The Editing Process

When I started writing novels, I was advised to hire a professional editor to review my books and polish them to perfection. At first, I hesitated because editing services can be expensive. I’ve since come to realize how an editor can improve the quality of my writing and my stories. For those of us who self-publish, it’s important to understand the types of editors that can help us fine-tune our work:

Content Editor: Reviews the story for consistency, accuracy, themes, plot, and characters.

Copy Editor/Line Editor: Often, these two will overlap. Copy editors proofread for clarity and accuracy. Line editors concentrate on each sentence to make sure that the grammar, punctuation, spelling, and word usage are correct. They will often reconstruct sentences to improve the flow of the writing.

The selection and hiring of editors has been a learning experience for me. I sought editors at writing clubs I joined. I also sought them through online editing services. But I wish that I had been aware beforehand of how the editor/writer relationship functions and what to look for before you hire an editor. These are guidelines I will follow if and when I hire another editor:

  1. Speak on the phone or meet in person (if possible). Like any important relationship, you need to have a good rapport. I think it’s important to like and respect the person you are hiring to edit your work.
  2. Ask questions. Don’t hire an editor who doesn’t want to answer your questions or talks down to you when they do answer. You are a prospective client not a wannabe student.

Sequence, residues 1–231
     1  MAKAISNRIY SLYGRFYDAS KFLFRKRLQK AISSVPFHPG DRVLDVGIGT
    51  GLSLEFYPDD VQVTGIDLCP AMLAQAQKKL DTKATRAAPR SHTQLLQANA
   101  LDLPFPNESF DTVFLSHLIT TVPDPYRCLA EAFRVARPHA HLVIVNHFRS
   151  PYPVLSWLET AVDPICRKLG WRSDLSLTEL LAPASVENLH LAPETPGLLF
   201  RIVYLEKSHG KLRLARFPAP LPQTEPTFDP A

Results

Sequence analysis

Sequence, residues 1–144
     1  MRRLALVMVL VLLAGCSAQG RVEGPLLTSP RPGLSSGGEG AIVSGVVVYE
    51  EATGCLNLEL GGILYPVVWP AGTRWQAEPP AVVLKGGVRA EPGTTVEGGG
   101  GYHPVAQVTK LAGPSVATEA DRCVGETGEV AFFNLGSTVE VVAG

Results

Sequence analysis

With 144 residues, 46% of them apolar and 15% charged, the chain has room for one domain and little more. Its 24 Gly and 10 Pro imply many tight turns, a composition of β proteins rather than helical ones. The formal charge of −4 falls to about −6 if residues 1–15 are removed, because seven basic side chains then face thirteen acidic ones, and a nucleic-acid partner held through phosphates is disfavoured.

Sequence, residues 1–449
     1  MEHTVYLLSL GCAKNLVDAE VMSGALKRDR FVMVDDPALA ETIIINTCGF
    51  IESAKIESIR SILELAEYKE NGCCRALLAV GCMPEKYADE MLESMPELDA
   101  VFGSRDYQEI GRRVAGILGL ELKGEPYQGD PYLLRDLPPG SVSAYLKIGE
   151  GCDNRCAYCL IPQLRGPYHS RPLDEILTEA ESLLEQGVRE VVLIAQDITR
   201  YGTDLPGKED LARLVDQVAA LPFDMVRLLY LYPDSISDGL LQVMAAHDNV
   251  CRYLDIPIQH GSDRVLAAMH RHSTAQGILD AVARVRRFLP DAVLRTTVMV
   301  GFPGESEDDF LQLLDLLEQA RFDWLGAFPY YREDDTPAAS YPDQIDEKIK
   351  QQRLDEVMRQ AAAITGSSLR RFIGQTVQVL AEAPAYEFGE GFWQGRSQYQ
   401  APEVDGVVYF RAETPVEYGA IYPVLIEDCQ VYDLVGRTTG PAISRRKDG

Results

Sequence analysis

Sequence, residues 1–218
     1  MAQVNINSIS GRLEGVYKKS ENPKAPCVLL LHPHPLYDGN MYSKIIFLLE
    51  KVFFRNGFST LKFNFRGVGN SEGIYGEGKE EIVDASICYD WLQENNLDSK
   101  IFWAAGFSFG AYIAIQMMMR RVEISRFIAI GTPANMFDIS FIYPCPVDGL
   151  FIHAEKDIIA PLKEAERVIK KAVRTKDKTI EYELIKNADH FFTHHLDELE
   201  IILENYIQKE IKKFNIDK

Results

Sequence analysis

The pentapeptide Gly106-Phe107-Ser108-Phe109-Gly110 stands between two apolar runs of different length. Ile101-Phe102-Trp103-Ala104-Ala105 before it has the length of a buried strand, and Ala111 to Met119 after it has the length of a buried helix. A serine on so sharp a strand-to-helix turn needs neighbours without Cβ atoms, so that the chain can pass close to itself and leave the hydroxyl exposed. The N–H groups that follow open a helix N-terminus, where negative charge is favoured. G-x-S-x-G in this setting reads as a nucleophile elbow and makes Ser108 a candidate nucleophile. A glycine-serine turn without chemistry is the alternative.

3. As a Latina author, it wasn’t necessary for me to work with an editor from my own culture, but certainly it can be an advantage. They could have a better understanding of the material you’re writing and could provide more insight.  On the other hand, a non-Latina editor could bring a different cultural perspective to the work that might be valuable. Of course it depends on what you’re writing. I think this is a personal choice.
  4. What writing style manual does the editor use?
  5. How does their editing process work? (One of my editors asked for a paper copy of my novel. She made her comments on that paper copy. Nothing was done online.)
  6. Will they allow you to sample their editing style first? I hired one editor on a trial basis first. She understood I wanted to sample her work. She didn’t mind because I was paying for the sample.
  7. Check their previously edited works, if you can, or any books they might have authored. Editors have different styles (for example, some use the Oxford comma, some don’t).

As you work with an editor, it’s important not to take criticism personally. Keep in mind that the editor is improving your work. I see criticism as an opportunity to learn from my mistakes and become a better writer. That’s why it’s important to feel you have a good rapport from the start. You don’t want to work with an editor who has a superiority complex and treats you disrespectfully. It should be a respectful working relationship on both sides. My editors have helped me become a better writer.


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